First of all, the annual carbon dioxide (CO2) and greenhouse gas (GHG) emissions of these two countries have already converged. Whereas U.S. CO2 emissions in 1990 were almost twice the level of Chinese emissions, by 2006 China had overtaken the United States.  We are the world’s two largest emitters.

Second, as I explained above, cumulative emissions are particularly important, because they are what cause climate change.  Any discussion of distributional equity in the climate realm inevitably turns to considerations of historic responsibility.  Looking at the period 1850-2010, the United States led the pack, accounting for nearly 19% of cumulative global emissions of GHGs, with the European Union in second place with 17%, and China third, accounting for about 12% of global cumulative emissions.  But that is changing rapidly, because of the fact that emissions are flat to declining throughout the industrialized world, but increasingly rapidly in the large emerging economies, in particular, China.  Depending upon the relative rates of economic growth of China and the United States, as well as many other factors, China may top all countries in cumulative emissions within 10 to 20 years from now.

Third, China and the United States both have historically high reliance on coal for generating electricity.  At a time at which U.S. dependence on coal is decreasing (due to increased supplies of unconventional natural gas and hence lower gas prices ), China continues to rely on coal, but is very concerned about this, partly because of localized health impacts of particulates and other pollutants.  Importantly, both countries have very large shale gas reserves.  U.S. output (and use for electricity generation) has been increasing rapidly, bringing down CO2 emissions, whereas Chinese exploitation and output has been constrained by available infrastructure (i.e., lack of pipelines, but that will change).

Fourth, in both countries, sub-national climate policies – cap-and-trade systems – are moving forward.  In the case of the China, seven pilot CO2 cap-and-trade regimes at the local level are under development, while in the United States, California’s ambitious AB-32 cap-and-trade system continues to make progress.

Fifth and finally, there is the reality of global geopolitics.  If the twentieth century was the American Century, then many observers, including leaders in China, anticipate (or hope) that the twenty-first century will be the Chinese Century.  And, as I was quoted by David Jolly in the New York Times as saying, “If it’s your century, you don’t obstruct, you lead.”

Conclusion

There was no fundamental setback in Warsaw to the stream of work that needs to be accomplished in Lima in 2014 in preparation for an agreement to be reached in Paris in 2015 under the Durban Platform for Enhanced Action.  This, combined with the reality of increasing convergence of Chinese and U.S. perspectives and interests, leaves me cautiously optimistic (or perhaps, just hopeful) about the path ahead.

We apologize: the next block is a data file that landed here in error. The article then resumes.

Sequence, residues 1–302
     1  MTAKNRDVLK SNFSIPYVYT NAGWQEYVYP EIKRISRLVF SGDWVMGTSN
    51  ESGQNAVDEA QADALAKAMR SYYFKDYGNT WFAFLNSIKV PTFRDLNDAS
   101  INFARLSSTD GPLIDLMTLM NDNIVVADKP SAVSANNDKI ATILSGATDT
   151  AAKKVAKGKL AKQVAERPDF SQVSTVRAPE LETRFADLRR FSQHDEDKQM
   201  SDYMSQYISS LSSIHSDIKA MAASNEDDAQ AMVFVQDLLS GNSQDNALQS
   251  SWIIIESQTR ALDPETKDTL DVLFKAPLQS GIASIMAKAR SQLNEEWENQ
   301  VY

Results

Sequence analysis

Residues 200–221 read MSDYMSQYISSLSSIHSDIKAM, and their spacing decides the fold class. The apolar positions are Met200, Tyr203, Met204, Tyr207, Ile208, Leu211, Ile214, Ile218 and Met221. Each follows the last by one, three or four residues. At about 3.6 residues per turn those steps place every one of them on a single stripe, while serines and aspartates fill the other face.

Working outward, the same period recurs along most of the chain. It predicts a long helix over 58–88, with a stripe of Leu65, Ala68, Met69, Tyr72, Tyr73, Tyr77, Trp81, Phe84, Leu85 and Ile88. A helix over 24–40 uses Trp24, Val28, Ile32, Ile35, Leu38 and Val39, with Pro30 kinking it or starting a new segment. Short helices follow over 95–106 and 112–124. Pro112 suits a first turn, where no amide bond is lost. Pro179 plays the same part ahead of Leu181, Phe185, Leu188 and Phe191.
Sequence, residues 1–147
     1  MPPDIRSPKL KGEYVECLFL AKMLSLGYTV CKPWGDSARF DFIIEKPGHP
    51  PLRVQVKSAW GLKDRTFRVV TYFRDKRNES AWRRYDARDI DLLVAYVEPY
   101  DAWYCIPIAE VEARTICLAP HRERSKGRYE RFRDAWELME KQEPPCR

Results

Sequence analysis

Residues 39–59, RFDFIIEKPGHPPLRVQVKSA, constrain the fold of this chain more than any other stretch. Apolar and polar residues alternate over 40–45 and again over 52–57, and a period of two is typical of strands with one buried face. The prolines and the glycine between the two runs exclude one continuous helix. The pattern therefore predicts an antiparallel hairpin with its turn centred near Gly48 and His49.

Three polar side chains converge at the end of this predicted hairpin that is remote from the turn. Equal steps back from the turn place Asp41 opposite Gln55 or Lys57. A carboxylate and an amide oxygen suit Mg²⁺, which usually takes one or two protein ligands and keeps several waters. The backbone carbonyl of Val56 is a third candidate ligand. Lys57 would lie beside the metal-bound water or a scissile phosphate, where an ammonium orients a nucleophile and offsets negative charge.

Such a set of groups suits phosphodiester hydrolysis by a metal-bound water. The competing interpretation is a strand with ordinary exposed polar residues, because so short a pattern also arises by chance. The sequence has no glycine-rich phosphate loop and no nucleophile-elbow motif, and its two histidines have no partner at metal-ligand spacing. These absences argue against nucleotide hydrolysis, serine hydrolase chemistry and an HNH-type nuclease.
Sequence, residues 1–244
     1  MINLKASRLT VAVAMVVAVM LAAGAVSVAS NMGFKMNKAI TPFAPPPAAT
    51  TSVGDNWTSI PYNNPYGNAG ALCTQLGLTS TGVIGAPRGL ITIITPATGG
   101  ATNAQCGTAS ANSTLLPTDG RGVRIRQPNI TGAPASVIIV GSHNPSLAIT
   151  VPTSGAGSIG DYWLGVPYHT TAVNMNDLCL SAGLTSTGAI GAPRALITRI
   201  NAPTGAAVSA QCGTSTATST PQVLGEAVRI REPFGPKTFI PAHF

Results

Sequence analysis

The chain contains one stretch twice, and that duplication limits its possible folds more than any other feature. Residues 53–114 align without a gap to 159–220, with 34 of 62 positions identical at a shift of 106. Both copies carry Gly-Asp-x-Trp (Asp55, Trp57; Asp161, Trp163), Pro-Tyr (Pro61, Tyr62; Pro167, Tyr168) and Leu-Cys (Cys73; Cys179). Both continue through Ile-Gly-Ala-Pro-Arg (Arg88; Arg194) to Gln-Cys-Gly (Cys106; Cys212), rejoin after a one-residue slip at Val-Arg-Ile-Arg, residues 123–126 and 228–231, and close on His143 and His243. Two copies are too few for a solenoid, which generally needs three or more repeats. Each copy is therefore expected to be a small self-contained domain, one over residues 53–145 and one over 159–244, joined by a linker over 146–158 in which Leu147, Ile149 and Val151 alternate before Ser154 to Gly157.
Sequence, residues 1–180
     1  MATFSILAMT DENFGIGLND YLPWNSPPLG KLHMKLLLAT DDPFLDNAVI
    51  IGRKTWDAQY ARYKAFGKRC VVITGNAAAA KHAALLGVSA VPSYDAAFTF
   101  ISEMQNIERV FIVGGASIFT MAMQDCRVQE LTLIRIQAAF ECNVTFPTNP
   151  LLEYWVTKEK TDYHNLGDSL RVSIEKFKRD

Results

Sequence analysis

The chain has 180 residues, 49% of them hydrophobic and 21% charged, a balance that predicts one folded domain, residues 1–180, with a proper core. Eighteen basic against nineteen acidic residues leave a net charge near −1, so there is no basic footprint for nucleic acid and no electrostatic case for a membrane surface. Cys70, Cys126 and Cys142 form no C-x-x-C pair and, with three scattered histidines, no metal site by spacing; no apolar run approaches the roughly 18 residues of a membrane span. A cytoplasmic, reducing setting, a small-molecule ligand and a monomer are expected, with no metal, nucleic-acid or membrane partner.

—————————————————————————————-

You can view and listen to an assessment of the Warsaw negotiations in a discussion in which I participated on the PBS NewsHour on November 27th, moderated by Judy Woodruff.

For other summaries and analyses of Warsaw’s COP-19 climate conference, I recommend:

Carraro, Carlo.  “COP19:  Between Weak Commitments and Tiny Successes.”  International Center for Climate Governance.  November 27, 2013.

Center for Climate and Energy Solutions.  “Outcomes of the U.N. Climate Change Conference in Warsaw.”  November, 2013.

Stowe, Robert.  “COP-19:  Different Strokes?”The Energy Collective, November 27, 2013.

The Second Term of the Obama Administration

In his inaugural address on January 21st, President Obama surprised many people – including me – by the intensity and the length of his comments on global climate change.  Since then, there has been a great deal of discussion in the press and in the blogosphere about what climate policy initiatives will be forthcoming from the administration in its second term.

Given all the excitement, let’s first take a look at the transcript of what the President actually said on this topic:

            We will respond to the threat of climate change, knowing that the failure to do so would betray our children and future generations. Some may still deny the overwhelming judgment of science, but none can avoid the devastating impact of raging fires, and crippling drought, and more powerful storms.  The path towards sustainable energy sources will be long and sometimes difficult. But American cannot resist this transition.  We must lead it.  We cannot cede to other nations the technology that will power new jobs and new industries.  We must claim its promise. That’s how we will maintain our economic vitality and our national treasure, our forests and waterways, our crop lands and snow capped peaks.  That is how we will preserve our planet, commanded to our care by God.

Strong and plentiful words.  Although I was certainly surprised by the strength and length of what the President said in his address, I confess that it did not change my thinking about what we should expect from the second term.  Indeed, I will stand by an interview that was published by the Harvard Kennedy School on its website five days before the inauguration (plus something I wrote in a previous essay at this blog in December, 2012).  Here it is, with a bit of editing to clarify things, and some hyperlinks inserted to help readers.

The Second Term: Robert Stavins on Energy and Environmental Policy

January 16, 2013

By Doug Gavel, Harvard Kennedy School Communications